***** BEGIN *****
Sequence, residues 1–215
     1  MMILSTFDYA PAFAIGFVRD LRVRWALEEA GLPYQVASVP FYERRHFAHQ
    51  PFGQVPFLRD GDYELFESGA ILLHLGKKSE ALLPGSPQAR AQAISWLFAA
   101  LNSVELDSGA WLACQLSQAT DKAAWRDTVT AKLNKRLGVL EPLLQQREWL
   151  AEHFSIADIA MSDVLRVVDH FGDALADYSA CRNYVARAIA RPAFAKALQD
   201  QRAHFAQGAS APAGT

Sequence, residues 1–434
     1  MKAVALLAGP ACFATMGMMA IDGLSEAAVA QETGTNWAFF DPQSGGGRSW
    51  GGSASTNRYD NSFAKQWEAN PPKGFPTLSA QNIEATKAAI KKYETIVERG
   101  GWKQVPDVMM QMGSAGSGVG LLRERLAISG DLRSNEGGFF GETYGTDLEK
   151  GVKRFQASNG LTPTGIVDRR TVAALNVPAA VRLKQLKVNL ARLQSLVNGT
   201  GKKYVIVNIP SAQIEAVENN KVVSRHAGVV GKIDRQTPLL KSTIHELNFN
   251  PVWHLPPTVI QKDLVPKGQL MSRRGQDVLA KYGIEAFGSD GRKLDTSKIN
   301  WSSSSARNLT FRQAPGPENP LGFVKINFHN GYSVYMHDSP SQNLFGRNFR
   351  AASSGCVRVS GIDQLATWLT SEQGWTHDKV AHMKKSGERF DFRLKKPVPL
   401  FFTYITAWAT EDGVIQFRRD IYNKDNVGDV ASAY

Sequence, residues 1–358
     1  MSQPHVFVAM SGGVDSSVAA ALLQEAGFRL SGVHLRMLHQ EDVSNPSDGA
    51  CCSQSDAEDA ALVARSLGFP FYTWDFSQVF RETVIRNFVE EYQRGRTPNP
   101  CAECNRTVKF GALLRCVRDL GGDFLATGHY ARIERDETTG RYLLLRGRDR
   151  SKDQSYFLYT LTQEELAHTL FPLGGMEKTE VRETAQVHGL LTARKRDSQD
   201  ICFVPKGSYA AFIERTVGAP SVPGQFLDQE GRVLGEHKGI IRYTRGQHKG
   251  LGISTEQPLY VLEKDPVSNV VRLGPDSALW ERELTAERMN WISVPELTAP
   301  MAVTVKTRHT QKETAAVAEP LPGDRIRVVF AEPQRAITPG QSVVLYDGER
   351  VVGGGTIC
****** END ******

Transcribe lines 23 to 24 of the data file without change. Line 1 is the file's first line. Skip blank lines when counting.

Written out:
   251  LGISTEQPLY VLEKDPVSNV VRLGPDSALW ERELTAERMN WISVPELTAP
   301  MAVTVKTRHT QKETAAVAEP LPGDRIRVVF AEPQRAITPG QSVVLYDGER